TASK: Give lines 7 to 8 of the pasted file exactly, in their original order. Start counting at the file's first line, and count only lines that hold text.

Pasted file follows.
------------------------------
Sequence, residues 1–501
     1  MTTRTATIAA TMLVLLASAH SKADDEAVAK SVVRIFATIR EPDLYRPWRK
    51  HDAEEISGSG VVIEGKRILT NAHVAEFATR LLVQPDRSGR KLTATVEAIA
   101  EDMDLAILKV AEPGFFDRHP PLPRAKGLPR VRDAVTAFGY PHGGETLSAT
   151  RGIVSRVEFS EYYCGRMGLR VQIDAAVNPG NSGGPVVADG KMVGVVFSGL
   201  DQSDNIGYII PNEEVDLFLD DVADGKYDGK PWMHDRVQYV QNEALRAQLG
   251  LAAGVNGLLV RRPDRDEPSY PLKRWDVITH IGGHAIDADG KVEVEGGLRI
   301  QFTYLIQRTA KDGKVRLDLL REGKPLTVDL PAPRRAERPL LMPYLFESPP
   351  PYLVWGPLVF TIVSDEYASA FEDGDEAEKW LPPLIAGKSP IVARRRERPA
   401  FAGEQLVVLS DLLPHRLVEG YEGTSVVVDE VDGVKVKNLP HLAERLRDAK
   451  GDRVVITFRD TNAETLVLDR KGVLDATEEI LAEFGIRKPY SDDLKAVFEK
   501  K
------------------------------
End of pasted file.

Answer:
   251  LAAGVNGLLV RRPDRDEPSY PLKRWDVITH IGGHAIDADG KVEVEGGLRI
   301  QFTYLIQRTA KDGKVRLDLL REGKPLTVDL PAPRRAERPL LMPYLFESPP